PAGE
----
29 Oct - 18 Dec 2004
The Christine Burgin Gallery is pleased to announce the exhibition"Selections from the E. Buk Collection of Technology and Invention." Thecollection encompasses historic mechanical, industrial, scientific andtechnological artifacts spanning two centuries. Juxtaposed are earlyarchetypal examples of historic machines, devices and apparatus alongsidetheir less successful yet equally interesting and significant counterparts.
Installation view showing: Marconi two-valve radio receiver, c. 1920; early 20th century star finding device; 19th century electrostatic generator; violin form electromedical apparatus, c. 1900; first solar powered transistor radio, c.1957; pair of 19th century travelling globes, celestial and terrestrial; weight driven telegraph register, c.1870; 19th century vacuum pump philosophical apparatus.
Installation view showing: Perpetual motion patent model, c. 1900; Marconi two-valve radio receiver, c. 1920; 19th century salesman sample of OBGYN examination and treatment chair; Riker electric motor, c. 1895; Electromedical dental outfit, c. 1890s; Western Scanning Disc television, 1929; Complicated binocular 19th century microscope with 20th century primitive handmade companion; Kinora motion picture viewer, early 20th century.
The Violin Vibrophone, manufactured by The Vibrophone Manufacturing Co. Brooklyn, NY, c. 1900
A pseudo-medical device designed to transmit impulses of sound to the ears via stethescopic attachment. The resonant body of the violin is outfitted with mechanical and electrical apparatus used to vary the strength and frequency of these sound impulses.
Perpetual motion patent model, c. 1900-1905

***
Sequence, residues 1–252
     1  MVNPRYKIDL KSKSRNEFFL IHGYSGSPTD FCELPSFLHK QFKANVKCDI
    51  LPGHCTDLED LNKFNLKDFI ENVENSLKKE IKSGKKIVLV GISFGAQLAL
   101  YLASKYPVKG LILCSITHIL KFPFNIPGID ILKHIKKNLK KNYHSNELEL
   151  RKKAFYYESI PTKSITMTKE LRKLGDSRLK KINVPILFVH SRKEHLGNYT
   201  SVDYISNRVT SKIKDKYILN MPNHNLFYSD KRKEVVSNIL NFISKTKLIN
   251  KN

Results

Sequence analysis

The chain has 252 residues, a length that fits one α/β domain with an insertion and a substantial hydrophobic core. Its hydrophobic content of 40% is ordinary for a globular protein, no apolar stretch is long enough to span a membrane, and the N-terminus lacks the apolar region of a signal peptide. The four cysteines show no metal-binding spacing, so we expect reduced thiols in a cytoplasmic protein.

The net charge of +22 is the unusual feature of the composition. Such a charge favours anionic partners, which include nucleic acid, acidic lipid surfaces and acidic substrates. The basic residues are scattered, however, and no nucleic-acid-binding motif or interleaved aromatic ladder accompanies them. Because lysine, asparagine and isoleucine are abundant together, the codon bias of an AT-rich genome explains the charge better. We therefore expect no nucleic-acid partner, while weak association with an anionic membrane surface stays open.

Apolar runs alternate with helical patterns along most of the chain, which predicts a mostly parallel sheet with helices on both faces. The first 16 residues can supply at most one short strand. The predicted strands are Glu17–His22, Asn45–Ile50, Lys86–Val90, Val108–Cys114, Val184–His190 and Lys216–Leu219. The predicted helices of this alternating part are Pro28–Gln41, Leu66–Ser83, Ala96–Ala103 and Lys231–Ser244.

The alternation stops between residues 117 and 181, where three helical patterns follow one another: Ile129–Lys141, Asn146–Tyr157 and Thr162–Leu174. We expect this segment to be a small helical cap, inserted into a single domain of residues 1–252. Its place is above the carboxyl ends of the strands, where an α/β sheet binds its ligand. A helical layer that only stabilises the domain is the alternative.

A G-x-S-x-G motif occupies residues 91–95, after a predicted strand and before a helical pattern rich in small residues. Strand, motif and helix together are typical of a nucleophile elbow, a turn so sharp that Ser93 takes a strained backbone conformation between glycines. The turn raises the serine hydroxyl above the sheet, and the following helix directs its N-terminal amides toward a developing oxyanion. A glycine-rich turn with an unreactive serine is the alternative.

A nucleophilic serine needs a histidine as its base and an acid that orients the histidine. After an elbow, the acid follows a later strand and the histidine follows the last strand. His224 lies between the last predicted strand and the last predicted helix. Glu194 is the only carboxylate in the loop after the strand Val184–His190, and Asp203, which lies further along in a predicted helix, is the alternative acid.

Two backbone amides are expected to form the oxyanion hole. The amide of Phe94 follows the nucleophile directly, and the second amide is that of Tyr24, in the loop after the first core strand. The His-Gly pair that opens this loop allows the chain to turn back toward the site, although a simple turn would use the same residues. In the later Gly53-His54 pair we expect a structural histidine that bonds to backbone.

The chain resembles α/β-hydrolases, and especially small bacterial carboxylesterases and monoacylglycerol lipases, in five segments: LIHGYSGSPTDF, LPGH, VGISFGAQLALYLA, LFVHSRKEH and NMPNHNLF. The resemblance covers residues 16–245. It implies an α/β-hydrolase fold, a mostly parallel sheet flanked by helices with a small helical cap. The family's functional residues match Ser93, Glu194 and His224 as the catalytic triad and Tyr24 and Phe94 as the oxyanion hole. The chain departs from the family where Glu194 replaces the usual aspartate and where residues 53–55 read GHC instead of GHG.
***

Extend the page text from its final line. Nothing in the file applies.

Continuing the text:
A model made for patent application in the centuries old search for mechanical perpetual motion. This device incorporates variations on an earlier design. At the beginning of the 20th century, when patent models were no longer required or accepted by the US Patent Office - drawings and explanations considered sufficient proof of the workability of a submission - models were still required in two areas only: flight and perpetual motion.
Salesman sample gynecologists' examination and treatment chair,
fourth quarter 19th century.
A fully operational scale model in nickel-plated brass and leather.
X-Ray tube on tripod stand and hand-held fluoroscope, first quarter 20th century
In the early days of x-ray, x-ray tubes were used out in the open and unshielded as the harmful effects of overexposure had not yet been discovered. The fluoroscope, invented in 1896 by Enrico Salvioni, was a device used in the direct viewing of images revealed by x-ray.
Man From Mars Radio Hat, manufactured by American Meri-lei Corp.
(Victor Hoeflich owner) in the old Arcadia dance hall
at 918 Halsey Street, Brooklyn, NY, 1949.
A novelty radio in the form of an expeditionary pith helmet outfitted with externally mounted control knob, tubes and loop antenna. Marketed as providing, among other attributes, hands-free mobile use.
Theremin. Manufactured by RCA, c. 1930.
Leon Theremin invented this first truly electronic musical instrument in Russia in 1917. The first production model, made in 1920, was the Aetherophone, meaning sound from the ether. Theremin immigrated to New York and acquired an American patent for his invention in 1928. In operation, the position of the user's hands with relation to the antennae would determine and vary the volume and pitch of the siren-like hum. This new sound was incorporated into sci-fi movies and, later and most notably, was used in early rock and roll repertoire such as The Beach Boys' "Good Vibrations."
Steam engine model with green paint, third quarter 19th century.
During the same period that saw exquisitely crafted and highly evolved steam engines and models for steam engines by sophisticated engineers and machinists, provincial and individual designers, mechanics and craftsmen were devising their own versions and variations. This more primitive example of a walking beam engine is fully hand crafted and incorporates various of the major inventions to date.
Telegraph register, Knox & Shain, makers, Philadelphia, mid 19th century.
A weight-driven clockwork telegraph receiving apparatus embossing coded messages onto paper tape. Messages were sent in Morse code via landline. This is an example of the earliest form of technology accomplishing communication over long distances using electromechanical means.